10. 10. Impacts of Decentralized Finance Mode  The decentralized framework for revenue collection is accompanied with the decentralized regime for education expenditure.  This funding framework has had its merits.  It established local finance, county-level finance in particular, as the main source of funding for compulsory education.  It fired up grass-roots governments and villagers with enthusiasm to run schools, and made up funding shortages by collecting rural education surcharges, raising school management funds from villagers, charging miscellaneous school fees from students, and tapping the incomes of collective economic businesses.
  11. 11. Shortfalls of Decentralization Strategy in Financial Side  The upper-level government excessively loads the policy mandates on local governments without the corresponding financial subsidy. Then it resulted in vertical imbalance of fiscal responsibilities versus fiscal capacities of governments at various levels.  The decentralization strategy induced the imbalanced funding mode of schools and exaggerated the regional and urban-rural disparity of the compulsory education development.  Schooling became too expensive for poor families.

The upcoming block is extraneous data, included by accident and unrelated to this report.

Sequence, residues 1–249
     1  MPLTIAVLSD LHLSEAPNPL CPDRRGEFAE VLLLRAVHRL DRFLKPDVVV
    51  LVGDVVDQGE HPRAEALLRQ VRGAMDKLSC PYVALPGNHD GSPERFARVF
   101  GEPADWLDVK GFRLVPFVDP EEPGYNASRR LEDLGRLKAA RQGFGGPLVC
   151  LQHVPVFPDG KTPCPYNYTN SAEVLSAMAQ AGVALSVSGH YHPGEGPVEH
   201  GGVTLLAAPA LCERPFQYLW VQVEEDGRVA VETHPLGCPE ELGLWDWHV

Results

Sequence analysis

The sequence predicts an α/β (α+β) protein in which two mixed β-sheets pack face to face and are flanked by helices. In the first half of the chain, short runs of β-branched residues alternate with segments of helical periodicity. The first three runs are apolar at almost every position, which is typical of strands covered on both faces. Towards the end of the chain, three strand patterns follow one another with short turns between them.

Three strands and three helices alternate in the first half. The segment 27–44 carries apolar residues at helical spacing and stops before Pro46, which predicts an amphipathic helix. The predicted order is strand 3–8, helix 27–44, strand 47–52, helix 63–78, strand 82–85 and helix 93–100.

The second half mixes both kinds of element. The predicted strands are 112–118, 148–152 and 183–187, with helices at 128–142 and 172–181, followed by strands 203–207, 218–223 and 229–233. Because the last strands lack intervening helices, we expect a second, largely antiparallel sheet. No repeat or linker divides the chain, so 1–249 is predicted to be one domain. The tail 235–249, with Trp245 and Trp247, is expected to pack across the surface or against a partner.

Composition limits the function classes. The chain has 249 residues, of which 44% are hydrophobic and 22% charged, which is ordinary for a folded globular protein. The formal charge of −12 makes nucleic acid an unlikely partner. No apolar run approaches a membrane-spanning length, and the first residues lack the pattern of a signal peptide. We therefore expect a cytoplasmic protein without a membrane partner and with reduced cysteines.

12. 12. Centralization Reform from 2001 to 2005  Rural taxation reform  County centered management  Increasing role of central fiscal transfer  Price ceiling reform  Two exemption and one subsidy ( 两免一补 )  Fiscal Appropriation Guarantee Mechanism